• Diminish selective licensing. Selective licensing is a method by which local authorities can check and enforce standards in the PRS. However, the government has committed to ‘review’ its application, suggesting that introducing a new landlord register would remove the need for selective licensing. We believe that the register cannot and should not replace existing enforcement mechanisms, and it is vital that selective licensing schemes remain in place as a way for councils to proactively inspect private rented homes (as argued in a recent report by Safer Renting). 

In our view, the Bill is no longer fit for purpose. But there is still hope for renters if urgent changes are made. We want changes to the Bill that: 

  • Reverse the changes made, which see the end of Section 21 delayed indefinitely, trap tenants into tenancies for six months, and put selective licensing under review. 
  • Give renters four months’ notice when they are evicted so that they have enough time to find a new home and aren’t put at risk of homelessness. 
  • Give proper protection for tenants where landlords use new repossession grounds that let them evict a tenant when they want to sell the property or move in, including strong safeguards to prevent unscrupulous landlords from abusing the new grounds and restricting the use of these grounds until two years into a tenancy.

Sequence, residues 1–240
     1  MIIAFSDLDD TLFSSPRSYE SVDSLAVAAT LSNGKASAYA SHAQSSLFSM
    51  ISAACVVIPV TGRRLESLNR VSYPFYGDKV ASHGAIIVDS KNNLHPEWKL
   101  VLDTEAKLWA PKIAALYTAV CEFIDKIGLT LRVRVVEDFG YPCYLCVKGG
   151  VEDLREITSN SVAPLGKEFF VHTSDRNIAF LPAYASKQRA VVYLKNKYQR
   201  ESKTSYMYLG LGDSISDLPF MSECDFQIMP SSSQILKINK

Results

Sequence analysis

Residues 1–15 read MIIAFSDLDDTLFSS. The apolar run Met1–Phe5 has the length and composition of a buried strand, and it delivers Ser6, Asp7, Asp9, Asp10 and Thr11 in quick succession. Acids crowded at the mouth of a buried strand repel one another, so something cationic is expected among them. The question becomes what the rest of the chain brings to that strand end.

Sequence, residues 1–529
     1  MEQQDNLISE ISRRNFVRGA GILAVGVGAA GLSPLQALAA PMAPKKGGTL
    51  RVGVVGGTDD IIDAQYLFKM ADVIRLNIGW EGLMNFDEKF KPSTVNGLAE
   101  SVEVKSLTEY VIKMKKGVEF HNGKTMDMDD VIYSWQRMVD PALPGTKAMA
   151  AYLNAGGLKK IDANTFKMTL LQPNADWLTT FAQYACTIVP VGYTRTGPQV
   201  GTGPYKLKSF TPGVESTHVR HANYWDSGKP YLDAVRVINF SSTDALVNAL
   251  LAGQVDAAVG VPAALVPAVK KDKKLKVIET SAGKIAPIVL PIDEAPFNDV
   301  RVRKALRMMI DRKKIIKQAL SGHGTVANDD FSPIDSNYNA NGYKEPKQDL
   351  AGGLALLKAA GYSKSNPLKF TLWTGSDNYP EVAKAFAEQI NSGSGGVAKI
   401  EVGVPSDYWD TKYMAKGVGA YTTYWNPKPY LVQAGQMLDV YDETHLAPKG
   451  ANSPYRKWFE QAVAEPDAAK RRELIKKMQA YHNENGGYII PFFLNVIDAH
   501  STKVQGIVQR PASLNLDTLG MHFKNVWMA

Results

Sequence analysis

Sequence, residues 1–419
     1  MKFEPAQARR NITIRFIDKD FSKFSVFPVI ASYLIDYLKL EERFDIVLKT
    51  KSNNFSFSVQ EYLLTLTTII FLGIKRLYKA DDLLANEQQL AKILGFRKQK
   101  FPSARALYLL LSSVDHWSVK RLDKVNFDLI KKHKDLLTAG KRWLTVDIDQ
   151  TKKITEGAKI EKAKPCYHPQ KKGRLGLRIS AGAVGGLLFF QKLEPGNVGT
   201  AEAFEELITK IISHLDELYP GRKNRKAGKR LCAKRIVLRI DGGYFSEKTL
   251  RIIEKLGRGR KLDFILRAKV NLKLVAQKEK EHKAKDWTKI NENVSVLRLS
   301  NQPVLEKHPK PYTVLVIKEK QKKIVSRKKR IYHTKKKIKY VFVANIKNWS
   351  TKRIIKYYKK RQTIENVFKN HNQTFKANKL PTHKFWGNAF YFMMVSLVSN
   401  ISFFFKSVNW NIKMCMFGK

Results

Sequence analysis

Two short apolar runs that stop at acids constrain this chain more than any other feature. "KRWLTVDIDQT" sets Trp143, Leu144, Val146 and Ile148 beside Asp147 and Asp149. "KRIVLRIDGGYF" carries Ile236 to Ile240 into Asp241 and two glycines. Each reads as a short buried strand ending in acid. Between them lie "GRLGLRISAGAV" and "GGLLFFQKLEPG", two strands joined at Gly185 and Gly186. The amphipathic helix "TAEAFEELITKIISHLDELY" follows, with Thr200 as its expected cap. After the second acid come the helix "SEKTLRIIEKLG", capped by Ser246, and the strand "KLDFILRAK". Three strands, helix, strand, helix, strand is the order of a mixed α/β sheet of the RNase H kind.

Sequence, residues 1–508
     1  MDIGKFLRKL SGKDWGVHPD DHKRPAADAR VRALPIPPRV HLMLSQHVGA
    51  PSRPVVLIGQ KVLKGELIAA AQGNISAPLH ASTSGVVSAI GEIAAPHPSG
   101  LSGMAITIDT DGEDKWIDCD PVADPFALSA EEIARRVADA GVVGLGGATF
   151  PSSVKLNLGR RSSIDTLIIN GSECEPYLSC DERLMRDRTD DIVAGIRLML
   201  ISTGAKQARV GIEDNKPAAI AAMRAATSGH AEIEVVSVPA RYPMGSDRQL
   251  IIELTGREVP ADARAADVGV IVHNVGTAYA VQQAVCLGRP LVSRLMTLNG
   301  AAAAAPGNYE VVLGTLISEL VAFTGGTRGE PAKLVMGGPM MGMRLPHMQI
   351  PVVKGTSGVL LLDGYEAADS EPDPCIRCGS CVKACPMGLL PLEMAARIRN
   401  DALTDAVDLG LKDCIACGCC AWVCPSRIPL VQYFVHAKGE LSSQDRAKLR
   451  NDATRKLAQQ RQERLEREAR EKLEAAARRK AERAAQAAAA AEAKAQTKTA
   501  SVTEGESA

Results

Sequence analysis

• Give courts maximum discretion to identify if there are good reasons why an eviction should not take place. 
  • Cap in-tenancy rent increases at the lowest of either inflation or wage growth to prevent unaffordable rent increases being used as a backdoor eviction method. 
  • Provide sufficient funding to ensure that regulations are enforced, giving local authorities ringfenced resources to be able to root out and penalise bad landlords. 

When parliament debated the Bill on Wednesday, the strength of feeling was evident from MPs on all sides. Matthew Pennycook, Labour’s shadow housing minister, noted that “every month that passes, more private renters are served Section 21 notices. Nearly 85,000 of them have been put at risk of homelessness as a result of being served one of those notices”. Conservative MP Natalie Elphicke said “this has become a Bill where the balance too often is in favour of the landlords”.  

Nevertheless, the government pressed on with its amendments, and the Bill will continue its passage in the House of Lords. 

Throughout the past five years of campaigning alongside the Renters Reform Coalition, our vision for this moment was one of celebration for renters. But instead, this version of the bill will result in an increasing number of renters facing higher rents, poorer quality conditions, or the harsh reality of being uprooted from their homes. That is why we are committed to transforming the PRS, to ensure the existing bill and future government policies truly deliver what renters need.  

Do you want to see change for renters? Tweet this article or join the campaign on the Renters Reform Coalition website.